In this case, the CMO’s duty should be to elevate the issue to the cabinet level immediately and work across the MHLW and Ministry of Education on an emergency public awareness campaign, in addition to serving as a trusted spokesperson to counter misinformation with evidence-based arguments. Instead, the MHLW fueled the sensational media coverage of the issue by suspending active promotion of the HPV vaccine, despite finding no evidence to support the claims that anti-vaccine groups were making. [10] Though the ministry did not suspend use of the vaccine, this action created the perception that the news reports had merit. The Japan Society of Obstetrics and Gynecology issued a statement asking the government to resume actively promoting the HPV vaccine, but as of May 2018 the MHLW has not done so. [11]

Though this controversy surrounding the HPV vaccine erupted long before the current chief medical and global health officer was appointed, the misinformation surrounding the vaccine persists, and the CMO has not yet stepped in to publicly counter false reports. It is of course possible that this issue is being treated as outside the scope of the current officer’s duties, or that there is more going on behind the scenes than meets the eye. Yet if Japan’s chief medical and global health officer cannot weigh in in a major way to provide guidance on an important public health issue, what is the purpose of the position?

The Way Forward

Japan needs a cabinet-level official who is well-positioned to inform and support national efforts to create new best practices for addressing key health concerns. This includes crafting innovative, adaptive tools for addressing emerging challenges such as smoking and anti-vaccination campaigns. If empowered to do so, the CMO’s platform could help increase the visibility of Japan’s medical science research agenda as well as advance public health.

By elevating the authority of the position and broadening its mandate, for example, the government could leverage its recent creation of the Japan Agency for Medical Research and Development (AMED). Often likened to the United States’ National Institutes of Health, the agency was established in 2015 to drive basic R&D and accelerate its translation into commercial products. The CMO would ideally work in concert with AMED to identify key health challenges for which further research is needed.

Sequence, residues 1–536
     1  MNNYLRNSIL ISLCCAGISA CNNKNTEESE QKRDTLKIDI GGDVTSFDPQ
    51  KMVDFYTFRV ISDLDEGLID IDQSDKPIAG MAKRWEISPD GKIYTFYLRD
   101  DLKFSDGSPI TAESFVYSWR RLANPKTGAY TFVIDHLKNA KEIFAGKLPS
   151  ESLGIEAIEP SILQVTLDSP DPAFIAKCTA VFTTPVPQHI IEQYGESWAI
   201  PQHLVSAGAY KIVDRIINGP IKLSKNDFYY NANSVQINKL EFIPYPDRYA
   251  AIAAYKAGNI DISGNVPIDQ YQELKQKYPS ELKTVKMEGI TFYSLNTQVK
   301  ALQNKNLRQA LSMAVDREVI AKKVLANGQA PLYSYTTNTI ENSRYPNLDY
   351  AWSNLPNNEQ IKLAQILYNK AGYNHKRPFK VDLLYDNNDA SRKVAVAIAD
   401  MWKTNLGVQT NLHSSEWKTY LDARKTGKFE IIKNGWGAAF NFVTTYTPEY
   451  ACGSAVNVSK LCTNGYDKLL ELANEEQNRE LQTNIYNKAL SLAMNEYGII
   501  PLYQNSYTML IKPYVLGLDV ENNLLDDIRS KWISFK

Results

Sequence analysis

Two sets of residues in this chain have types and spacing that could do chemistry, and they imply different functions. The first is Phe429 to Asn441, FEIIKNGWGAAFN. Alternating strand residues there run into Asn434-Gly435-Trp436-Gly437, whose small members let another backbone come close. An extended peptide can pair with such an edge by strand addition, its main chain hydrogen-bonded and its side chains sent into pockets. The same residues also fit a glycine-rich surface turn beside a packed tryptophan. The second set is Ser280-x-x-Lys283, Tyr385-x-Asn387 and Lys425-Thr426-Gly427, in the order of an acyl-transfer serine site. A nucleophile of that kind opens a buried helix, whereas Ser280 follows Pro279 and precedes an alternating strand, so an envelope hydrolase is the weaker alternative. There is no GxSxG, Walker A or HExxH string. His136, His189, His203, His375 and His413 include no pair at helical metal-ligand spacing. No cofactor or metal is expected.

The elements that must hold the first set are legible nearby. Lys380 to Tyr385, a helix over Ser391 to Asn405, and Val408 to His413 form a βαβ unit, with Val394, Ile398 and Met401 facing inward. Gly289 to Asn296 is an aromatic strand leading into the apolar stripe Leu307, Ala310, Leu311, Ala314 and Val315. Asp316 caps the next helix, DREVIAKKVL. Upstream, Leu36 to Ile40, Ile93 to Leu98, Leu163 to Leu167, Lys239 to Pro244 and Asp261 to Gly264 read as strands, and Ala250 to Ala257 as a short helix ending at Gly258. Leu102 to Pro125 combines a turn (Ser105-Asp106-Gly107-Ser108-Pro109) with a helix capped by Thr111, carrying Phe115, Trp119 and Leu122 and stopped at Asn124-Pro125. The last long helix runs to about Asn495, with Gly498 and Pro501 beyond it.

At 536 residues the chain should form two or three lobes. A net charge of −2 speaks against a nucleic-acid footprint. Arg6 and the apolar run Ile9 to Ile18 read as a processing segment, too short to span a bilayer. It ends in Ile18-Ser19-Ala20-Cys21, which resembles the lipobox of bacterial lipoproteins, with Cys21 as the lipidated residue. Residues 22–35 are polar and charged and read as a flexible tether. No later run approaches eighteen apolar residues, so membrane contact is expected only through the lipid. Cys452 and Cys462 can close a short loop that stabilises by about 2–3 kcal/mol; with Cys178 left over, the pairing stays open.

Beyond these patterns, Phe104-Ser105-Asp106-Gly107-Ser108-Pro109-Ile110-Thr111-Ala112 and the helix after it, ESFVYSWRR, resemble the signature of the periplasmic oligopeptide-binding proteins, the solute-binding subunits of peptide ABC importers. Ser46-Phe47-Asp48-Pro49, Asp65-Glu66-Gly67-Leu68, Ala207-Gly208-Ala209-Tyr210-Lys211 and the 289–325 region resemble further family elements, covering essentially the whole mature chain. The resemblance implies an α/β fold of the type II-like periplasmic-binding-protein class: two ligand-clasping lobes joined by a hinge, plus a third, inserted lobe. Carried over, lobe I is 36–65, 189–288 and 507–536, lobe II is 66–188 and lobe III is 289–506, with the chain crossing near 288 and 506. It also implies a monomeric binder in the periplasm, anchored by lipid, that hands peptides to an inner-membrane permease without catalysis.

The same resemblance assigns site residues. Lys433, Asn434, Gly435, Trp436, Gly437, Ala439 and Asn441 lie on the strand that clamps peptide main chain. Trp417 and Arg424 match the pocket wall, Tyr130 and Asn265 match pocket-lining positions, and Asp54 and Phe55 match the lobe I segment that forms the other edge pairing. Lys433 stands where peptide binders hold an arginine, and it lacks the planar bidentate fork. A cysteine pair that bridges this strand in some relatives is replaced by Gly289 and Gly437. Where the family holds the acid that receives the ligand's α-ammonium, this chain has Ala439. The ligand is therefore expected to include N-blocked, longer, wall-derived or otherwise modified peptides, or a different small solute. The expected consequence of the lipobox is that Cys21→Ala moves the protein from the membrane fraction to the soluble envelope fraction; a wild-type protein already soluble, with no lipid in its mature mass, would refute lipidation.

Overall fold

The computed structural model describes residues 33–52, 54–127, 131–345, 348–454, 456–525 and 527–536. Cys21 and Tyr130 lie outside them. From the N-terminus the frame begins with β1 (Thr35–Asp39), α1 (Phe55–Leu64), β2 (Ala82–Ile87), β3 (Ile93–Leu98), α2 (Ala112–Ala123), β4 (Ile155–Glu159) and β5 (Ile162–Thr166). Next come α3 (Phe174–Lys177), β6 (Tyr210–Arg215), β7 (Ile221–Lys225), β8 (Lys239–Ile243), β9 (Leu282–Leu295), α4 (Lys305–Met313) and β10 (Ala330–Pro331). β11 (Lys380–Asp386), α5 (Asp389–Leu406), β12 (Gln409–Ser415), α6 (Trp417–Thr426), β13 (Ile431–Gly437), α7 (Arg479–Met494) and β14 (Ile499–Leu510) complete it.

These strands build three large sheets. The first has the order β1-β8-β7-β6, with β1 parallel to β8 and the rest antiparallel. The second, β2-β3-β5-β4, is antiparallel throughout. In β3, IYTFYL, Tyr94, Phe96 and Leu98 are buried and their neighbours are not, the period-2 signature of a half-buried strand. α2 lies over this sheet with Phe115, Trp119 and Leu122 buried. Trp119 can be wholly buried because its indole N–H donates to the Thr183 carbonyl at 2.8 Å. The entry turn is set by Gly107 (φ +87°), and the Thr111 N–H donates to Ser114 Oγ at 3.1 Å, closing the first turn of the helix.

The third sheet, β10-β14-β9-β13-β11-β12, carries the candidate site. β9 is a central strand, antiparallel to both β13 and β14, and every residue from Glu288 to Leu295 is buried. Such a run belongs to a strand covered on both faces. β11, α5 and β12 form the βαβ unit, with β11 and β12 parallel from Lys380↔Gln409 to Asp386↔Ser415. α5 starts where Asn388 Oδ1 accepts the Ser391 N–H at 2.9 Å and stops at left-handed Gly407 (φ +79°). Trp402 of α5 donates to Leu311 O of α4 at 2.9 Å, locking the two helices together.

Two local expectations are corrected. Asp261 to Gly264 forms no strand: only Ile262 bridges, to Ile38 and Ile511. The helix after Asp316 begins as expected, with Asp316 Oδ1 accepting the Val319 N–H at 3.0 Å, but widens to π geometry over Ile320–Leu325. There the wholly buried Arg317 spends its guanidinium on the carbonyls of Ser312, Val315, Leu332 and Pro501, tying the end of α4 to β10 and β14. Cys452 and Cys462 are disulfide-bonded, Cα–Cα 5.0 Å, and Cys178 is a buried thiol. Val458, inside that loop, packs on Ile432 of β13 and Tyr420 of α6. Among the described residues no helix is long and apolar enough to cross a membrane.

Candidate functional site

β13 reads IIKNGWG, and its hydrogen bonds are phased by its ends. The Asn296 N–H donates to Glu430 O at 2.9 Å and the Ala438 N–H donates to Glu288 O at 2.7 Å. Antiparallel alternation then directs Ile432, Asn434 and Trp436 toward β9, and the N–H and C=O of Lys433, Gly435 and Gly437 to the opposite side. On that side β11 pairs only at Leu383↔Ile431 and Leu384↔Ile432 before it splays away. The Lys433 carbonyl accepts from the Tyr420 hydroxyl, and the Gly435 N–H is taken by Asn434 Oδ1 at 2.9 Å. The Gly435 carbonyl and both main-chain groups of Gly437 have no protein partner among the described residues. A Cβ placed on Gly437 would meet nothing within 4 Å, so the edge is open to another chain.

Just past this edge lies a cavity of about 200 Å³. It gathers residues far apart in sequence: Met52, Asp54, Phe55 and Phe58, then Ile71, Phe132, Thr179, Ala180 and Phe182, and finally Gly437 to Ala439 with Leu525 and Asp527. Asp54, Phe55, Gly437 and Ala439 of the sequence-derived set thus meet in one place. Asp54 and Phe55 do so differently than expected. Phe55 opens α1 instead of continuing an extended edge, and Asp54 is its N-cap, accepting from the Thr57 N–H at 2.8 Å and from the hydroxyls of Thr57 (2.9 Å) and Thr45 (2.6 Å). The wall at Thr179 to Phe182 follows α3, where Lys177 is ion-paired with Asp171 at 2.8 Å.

More generally, the science and innovation agenda has worked its way to the top of the government’s agenda in recent years and is now a critical component of the Shinzo Abe administration’s strategies to promote economic revitalization and human security. This makes a truly effective, visible CMO all the more important in Japan. A government official is rarely immune to politics, and a CMO will of course need to balance political pressures with the job’s demand for an impartial medical expert. To make Japan’s public health policy as successful in the 21st century as it was in the previous one, the position must have statutory independence, or something akin to it.

The role of spokesperson may prove challenging in Japan—a country where reserve is admired, outspoken criticism is considered unseemly, and even vice ministers prefer to perform their duties quietly, without standing out. The fact that very few government officials—even in the MHLW—have any clinical or laboratory training creates a further communication gap for a CMO to bridge. But both the country and its government would benefit greatly from the frank views of a trained medical professional. Empowering this person to help Japan navigate the interconnections between health, science, research, and policy could help address the most critical public health threats of today and tomorrow.


[1] “Smoking Ban Plan Diluted Again,” Japan Times, February 10, 2018,

[2] “The Poverty of Politics and Tobacco Policy,” Japan Times, April 23, 2017,

[3] Elliott Antman et al., “The 50th Anniversary of the U.S. Surgeon General’s Report on Tobacco: What We’ve Accomplished and Where We Go from Here,” Journal of the American Heart Association 3, no. 1 (2014),; and “Making Decisions Regarding Tobacco Use,” RJ Reynolds,

[4] Liam Donaldson, “Proud of Smoke-Free Public Places," BMJ, October 28, 2015,

[5] Celia Hall, “Ban Smoking in Hospitals Now, Says Health Chief,” Telegraph, July 29, 2004,

[6] Yusuke Tanaka et al., “History Repeats Itself in Japan: Failure to Learn from Rubella Epidemic Leads to Failure to Provide the HPV Vaccine,” Human Vaccines and Immunotherapeutics 13, no. 8 (2013): 1859–60,

[7] J.B. Hanley et al., “HPV Vaccination Crisis in Japan,” Lancet, June 27, 2015,

[8] Julia Belluz, “Why Japan’s HPV Vaccine Rates Dropped from 70% to Near Zero,” Vox, December 1, 2017,

[9] Dennis Normile, “Journal Retracts Paper Claiming Neurological Damage from HPV Vaccine,” Science, May 11, 2018,; and Tsuyoshi Okuhara et al., “Contents of Japanese Pro- and Anti-HPV Vaccination Websites: A Text Mining Analysis,” Patient Education and Counseling 101, no. 3 (2017),

[10] Anna Fifield, “The Science Doesn’t Support Them, but Japanese Anti-vaxxers Are Winning on HPV,” Washington Post, November 10, 2015,

[11] “Japan: Bring Back HPV Vaccination, Say Japanese Experts,” Vaccine Confidence Project, July 11, 2016,

Ryo Kubota is Chairman, President, and CEO of Acucela Inc., a subsidiary of Kubota Pharmaceutical Holdings. He is also a member of the Board of Directors at the National Bureau of Asian Research and a visiting professor at Keio University School of Medicine. Dr. Kubota holds an MD and a PhD in Medicine from Keio University.